Roy Halladay was all set to make his third minor league rehab start at Double-A Reading, but the Phillies’ scheduled starter for Sunday’s series finale against the Diamondbacks had to pitch in relief in Saturday night’s 18-inning marathon loss so “Doc” is back in the bigs in a sudden change of course.
CSNPhilly.com’s Jim Salisbury reports that Halladay has been activated from the 60-day disabled list and will take the mound on Sunday afternoon versus Arizona in the place of Tyler Cloyd. Halladay went six innings in each of his two minor league rehab starts, so the Phillies don’t have to put him on a limited pitch count. But expectations should probably be low.
Halladay — who underwent shoulder surgery on May 16 and hasn’t pitched in the majors since — allowed 13 hits, six walks and five runs over 12 minor league innings while averaging around 87 mph on his fastball.
The 36-year-old righty had an 8.65 ERA in seven starts this season for Philly before hitting the shelf.
On Monday, Major League Baseball announced some changes aimed at improving the game’s pace of play, something that has been a pet cause for commissioner Rob Manfred. Among the changes was a limit on mound visits whether from managers and coaches, the catcher, or other defenders. Each team will have six non-pitching change mound visits per game and one additional visit each inning in extra innings. Craig wrote more in depth on the changes here if you happened to miss it.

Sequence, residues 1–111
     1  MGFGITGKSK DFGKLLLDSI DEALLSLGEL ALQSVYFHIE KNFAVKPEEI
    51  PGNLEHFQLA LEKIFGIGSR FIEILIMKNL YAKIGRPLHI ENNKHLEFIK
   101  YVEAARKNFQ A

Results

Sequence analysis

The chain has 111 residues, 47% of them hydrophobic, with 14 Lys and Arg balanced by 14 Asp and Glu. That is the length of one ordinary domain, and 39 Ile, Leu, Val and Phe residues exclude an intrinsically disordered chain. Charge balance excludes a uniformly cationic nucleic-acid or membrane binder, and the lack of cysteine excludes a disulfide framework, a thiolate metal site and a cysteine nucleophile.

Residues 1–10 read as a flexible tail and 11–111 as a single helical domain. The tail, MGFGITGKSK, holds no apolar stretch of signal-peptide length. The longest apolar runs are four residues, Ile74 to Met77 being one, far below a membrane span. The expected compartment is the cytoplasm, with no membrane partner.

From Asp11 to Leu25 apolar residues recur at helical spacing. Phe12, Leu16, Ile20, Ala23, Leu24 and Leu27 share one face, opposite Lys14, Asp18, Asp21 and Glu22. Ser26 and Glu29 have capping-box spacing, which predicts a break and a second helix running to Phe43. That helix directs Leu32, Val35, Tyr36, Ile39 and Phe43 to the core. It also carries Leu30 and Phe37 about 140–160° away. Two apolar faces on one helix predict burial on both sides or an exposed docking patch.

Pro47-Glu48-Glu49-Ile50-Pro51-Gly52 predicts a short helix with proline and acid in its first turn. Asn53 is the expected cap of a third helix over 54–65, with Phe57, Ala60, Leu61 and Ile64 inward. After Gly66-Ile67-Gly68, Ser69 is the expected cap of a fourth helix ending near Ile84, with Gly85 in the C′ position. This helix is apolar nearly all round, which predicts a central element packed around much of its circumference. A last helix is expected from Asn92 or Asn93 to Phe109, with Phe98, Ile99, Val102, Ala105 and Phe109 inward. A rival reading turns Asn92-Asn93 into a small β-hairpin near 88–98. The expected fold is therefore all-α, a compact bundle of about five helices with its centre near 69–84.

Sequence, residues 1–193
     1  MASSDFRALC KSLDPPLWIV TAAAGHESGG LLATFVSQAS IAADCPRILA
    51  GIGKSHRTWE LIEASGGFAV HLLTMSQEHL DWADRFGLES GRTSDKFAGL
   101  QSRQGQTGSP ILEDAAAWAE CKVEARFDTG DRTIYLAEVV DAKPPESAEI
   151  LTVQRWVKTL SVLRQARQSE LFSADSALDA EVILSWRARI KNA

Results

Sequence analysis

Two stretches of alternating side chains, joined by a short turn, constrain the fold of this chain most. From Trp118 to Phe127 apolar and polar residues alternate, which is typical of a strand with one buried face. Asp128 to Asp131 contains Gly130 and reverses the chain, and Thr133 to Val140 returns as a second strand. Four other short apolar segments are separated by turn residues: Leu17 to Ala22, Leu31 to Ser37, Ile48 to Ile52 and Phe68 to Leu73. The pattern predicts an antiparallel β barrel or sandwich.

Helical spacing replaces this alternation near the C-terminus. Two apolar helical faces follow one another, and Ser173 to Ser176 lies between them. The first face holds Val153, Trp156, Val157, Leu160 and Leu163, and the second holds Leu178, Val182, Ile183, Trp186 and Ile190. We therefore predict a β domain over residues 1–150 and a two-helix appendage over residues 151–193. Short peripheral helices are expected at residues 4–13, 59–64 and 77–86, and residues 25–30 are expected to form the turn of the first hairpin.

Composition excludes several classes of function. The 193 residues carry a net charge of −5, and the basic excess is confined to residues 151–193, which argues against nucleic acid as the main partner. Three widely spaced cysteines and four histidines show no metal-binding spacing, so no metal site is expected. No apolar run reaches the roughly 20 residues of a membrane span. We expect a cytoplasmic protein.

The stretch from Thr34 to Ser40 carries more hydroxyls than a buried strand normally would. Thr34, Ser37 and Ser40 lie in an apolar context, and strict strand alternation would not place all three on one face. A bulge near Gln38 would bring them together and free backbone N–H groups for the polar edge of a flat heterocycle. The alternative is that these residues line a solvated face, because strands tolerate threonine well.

Angels catcher Martin Maldonado says he is going to do what’s necessary to stay on the same page with his pitchers. Via Jeff Fletcher of the Orange County Register, Maldonado said, “If the game is on the line, I’m going to go out there. If we’re at six [visits], and it’s going to be the seventh, I’m going to go out there, even if I have to pay a fine. I’m there for the pitchers.”
Cubs catcher Willson Contreras said as much on Tuesday. Per Josh Frydman of WGN News, Contreras said, “What about if you have a tight game and you have to go out there? They can’t say anything about that, that’s my team and we just care about wins. If they’re going to fine me about number seven mound visit, I’ll pay the price.”
Exhibition games haven’t even started yet, but two notable backstops — the lesser-known Maldonado won a Gold Glove last year — are clearly not happy with the rule change. As Craig alluded to in his article yesterday, arguments between catchers and umpires (and, subsequently, managers and umpires) are probably going to become more frequent, which would likely end up nullifying any pace of play improvements.